China has a stated target of 7% annual GDP growth and the fact that it has reported itself to be hitting exactly that has been greeted with scepticism.
Among those who are unconvinced is Aviva Investors head of emerging market & Asia Pacific equities Will Ballard, with his firm staying underweight.
“Despite a stronger than expected underlying economy and the recent correction in the domestic equity market, we retain a substantial, long standing underweight position in China,” Ballard said. “As long term investors, we can see the potential China has to offer. However we are mindful of the disconnect between what remain bubble-like valuations of some of the domestic equities and the more attractive valuations found in Chinese companies listed in Hong Kong or offshore.”
Trevor Greetham, head of multi asset at Royal London Asset Management, says the sluggish growth in China is not necessarily bad for markets generally however.
“This is the slowest pace of GDP growth in six years, but from a global stock market point of view China’s slowdown is good news just as Japan’s weakness was good news in the 1990s,” he said. “A steady drop in Chinese demand will see commodity prices drop, keeping inflation low and monetary policy loose elsewhere in the world.”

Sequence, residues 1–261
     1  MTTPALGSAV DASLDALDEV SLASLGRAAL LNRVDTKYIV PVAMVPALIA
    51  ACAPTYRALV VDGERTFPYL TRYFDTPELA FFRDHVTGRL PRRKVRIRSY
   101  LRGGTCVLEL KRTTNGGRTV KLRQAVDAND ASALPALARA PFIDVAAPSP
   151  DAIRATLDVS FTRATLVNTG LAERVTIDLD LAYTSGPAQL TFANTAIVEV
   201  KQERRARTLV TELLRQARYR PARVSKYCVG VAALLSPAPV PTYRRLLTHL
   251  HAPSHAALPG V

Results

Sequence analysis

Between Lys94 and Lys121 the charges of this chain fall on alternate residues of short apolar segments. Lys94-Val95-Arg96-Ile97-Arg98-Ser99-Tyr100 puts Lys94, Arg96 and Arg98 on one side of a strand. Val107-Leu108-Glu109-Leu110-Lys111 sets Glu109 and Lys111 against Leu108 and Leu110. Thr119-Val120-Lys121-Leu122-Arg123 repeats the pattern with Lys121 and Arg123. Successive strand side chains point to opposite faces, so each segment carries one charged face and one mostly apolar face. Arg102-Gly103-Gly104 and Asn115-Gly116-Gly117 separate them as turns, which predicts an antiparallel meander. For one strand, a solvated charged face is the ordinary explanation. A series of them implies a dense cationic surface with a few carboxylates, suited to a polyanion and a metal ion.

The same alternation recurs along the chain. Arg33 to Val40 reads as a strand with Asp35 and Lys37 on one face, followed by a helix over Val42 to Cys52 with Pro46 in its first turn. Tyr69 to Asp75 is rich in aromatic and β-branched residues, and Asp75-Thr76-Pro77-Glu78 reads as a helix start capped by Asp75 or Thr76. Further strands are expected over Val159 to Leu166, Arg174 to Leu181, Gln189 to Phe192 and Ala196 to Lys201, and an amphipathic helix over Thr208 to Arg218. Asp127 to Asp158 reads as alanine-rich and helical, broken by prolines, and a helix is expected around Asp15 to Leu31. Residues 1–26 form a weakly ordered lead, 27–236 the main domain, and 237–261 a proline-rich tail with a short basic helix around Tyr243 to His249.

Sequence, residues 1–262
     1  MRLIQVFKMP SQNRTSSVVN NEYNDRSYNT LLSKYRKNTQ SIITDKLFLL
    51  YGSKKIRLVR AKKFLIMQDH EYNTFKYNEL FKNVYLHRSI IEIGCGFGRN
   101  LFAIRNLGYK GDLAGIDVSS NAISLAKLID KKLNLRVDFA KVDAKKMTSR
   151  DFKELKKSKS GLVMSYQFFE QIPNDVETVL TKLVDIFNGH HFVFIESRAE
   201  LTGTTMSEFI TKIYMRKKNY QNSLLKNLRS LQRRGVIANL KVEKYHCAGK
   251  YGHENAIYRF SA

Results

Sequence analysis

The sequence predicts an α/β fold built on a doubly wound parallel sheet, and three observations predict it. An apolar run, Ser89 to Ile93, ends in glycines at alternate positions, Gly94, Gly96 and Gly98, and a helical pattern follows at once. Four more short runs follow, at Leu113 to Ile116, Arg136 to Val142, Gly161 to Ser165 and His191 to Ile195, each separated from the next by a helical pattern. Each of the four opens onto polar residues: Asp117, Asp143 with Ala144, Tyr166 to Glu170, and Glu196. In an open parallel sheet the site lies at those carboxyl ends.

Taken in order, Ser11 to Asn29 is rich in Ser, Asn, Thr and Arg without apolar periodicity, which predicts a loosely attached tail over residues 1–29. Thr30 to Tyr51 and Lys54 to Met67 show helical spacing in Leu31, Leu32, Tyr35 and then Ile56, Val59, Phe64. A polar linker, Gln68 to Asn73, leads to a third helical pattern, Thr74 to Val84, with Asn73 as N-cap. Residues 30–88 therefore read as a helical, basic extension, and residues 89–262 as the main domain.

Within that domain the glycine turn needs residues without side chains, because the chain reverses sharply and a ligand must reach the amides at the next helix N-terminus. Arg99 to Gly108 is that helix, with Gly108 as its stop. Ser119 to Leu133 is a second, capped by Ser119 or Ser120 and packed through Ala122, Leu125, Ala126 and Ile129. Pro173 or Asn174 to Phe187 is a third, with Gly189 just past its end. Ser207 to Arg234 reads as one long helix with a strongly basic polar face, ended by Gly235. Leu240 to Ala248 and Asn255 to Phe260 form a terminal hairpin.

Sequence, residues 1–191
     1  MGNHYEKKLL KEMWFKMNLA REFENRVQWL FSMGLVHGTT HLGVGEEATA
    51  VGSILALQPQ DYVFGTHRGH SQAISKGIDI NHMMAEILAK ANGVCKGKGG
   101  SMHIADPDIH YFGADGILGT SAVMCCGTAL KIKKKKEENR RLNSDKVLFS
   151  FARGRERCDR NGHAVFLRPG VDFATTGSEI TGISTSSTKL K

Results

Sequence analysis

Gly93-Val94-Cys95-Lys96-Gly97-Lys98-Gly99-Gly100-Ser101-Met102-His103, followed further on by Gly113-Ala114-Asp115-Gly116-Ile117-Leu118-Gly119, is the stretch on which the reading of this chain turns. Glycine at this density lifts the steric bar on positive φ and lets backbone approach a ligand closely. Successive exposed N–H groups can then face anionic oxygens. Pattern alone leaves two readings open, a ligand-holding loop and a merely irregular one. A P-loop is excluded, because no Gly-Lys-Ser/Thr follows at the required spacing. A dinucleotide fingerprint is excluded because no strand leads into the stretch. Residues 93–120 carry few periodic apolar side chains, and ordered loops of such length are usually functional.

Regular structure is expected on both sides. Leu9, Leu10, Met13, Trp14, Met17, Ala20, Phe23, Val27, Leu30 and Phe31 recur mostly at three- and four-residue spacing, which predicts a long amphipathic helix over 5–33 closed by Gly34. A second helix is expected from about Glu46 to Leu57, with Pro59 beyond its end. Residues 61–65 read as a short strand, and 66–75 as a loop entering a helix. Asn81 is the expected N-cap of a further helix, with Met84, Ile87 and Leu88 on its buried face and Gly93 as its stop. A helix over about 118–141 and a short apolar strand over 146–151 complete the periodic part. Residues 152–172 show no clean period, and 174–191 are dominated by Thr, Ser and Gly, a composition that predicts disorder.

The benefit of the doubt
“When people come to write the history of this period they will give a bigger role to China,” Greetham added. “The global housing bubble that set the scene for the Global Financial Crisis had its roots in the low interest rates central banks set to offset the deflationary impact of cheap Chinese manufactured goods in the 2000s. China was also recycling its trade surplus aggressively into overseas bond markets, further stimulating their economies.”
Schroders’ emerging markets economist Craig Botham is giving the Chinese government the benefit of the doubt. “While it would be easy to claim this is a classic case of the authorities fudging the numbers, we will resist temptation,” he said. “The breakdown of GDP provided shows the primary and tertiary sectors accelerated whilst manufacturing slowed.
“Our view is that GDP growth built on an equity market bubble is unsustainable, and with a weaker equity market performance likely in Q3, a repeat GDP shock seems unlikely,” Botham added.